Pauline Poundmaker, Brown Bear Woman’s Sacred Repatriation Journey

Chief Poundmaker’s great, great granddaughter on ROM, repatriation, and reconciliation.

On May 23, 2019, 134 years after Chief Poundmaker was found guilty of treason and sentenced to three years in a Manitoba penitentiary, Prime Minister Justin Trudeau stood on the “sacred lands of the Poundmaker Cree Nation” and apologized.

“We recognize that during his lifetime Chief Poundmaker was not treated justly nor showed the respect he deserved as a leader of his people,” Trudeau said. “If we are to move forward together on the path of reconciliation, the Government of Canada must acknowledge the wrongs of the past.”

Among the many in attendance that day was Pauline Poundmaker, Brown Bear Woman, then Pauline Favel, the great, great granddaughter of the revered Chief. You can see her in a photograph from that day, onstage, as she shakes the Prime Minister’s hand. But this, she tells me, was just the beginning.

Since that day, Pauline Poundmaker, Brown Bear Woman, embarked on what she called her “spiritual journey”—returning her great, great grandfather’s belongings to her family. (Many of his belongings were seized after his arrest and later scattered across Europe and North America.)

Last year, in Battleford, Saskatchewan, Parks Canada returned Chief Poundmaker’s sacred staff. And on February 22, 2023, ROM returned his pipe and saddle bag during a repatriation ceremony at the Museum. Respectively acquired by ROM in 1936 and 1924, his belongings were finally coming home.

On that day in February, during a sliver of calm before the ceremony, Pauline Poundmaker, Brown Bear Woman sat down with me in a quiet corner of the fifth floor of the Museum, overlooking the winter-grey city below. Warm and unguarded, she talked about repatriation, working with museums, and Chief Poundmaker’s legacy.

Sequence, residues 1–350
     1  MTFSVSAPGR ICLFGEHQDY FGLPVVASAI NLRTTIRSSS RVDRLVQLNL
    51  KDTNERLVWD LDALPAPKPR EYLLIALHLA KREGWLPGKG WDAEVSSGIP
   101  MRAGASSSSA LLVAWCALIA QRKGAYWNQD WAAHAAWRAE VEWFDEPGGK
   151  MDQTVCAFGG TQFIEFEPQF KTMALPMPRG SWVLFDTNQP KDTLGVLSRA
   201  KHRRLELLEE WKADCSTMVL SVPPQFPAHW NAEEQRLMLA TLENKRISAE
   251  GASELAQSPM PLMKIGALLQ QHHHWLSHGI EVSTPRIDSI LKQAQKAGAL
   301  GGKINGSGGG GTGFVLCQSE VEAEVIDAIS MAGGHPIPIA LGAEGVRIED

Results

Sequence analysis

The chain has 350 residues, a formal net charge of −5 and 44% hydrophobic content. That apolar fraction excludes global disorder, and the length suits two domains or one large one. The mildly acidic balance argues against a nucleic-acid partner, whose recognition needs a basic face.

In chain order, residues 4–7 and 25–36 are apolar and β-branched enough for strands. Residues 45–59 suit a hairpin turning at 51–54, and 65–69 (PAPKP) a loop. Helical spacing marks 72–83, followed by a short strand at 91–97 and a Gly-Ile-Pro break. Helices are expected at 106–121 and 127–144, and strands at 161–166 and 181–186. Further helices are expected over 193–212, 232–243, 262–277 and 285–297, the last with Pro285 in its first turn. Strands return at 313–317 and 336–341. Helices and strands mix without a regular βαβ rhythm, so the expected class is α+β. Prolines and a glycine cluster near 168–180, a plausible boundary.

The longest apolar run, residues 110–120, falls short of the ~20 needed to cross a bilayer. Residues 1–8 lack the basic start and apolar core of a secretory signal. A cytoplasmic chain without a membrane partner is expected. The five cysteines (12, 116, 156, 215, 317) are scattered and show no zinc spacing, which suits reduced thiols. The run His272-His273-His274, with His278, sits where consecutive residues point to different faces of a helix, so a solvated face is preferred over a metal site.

Your great, great grandfather’s pipe and saddle will be returned to you in just moments. What’s going through your mind?

When you think of the enormity of this day, it’s beyond description.

I'm the daughter of Alma Poundmaker. And in 1967, her and her brother were our representatives when they first brought [Chief] Poundmaker home [to be reinterred]. And they used to call her when they were doing Centennial commemorations to come on behalf of the Poundmaker family. I was given that opportunity in 2019 when Poundmaker was exonerated. But now I've been given this honour of leading the repatriation on behalf of my family. So, it means a lot. It's a spiritual journey. It’s a historical journey. And you are also a part of sharing our story.

Last year Parks Canada returned Chief Poundmaker’s staff to you. And today ROM is returning more of his belongings. How did this all begin?

It was a family decision. But it was also a spiritual decision. Because these objects have spirits. The sacred ceremonial objects are alive, and we were told: “It's time.” But we are the family, and we made the decision—it's time to bring our great, great grandfather’s artifacts and objects home.

Many of Chief Poundmaker’s belongings are scattered across North America and Europe. So, what’s next?

It’s going to be quite busy.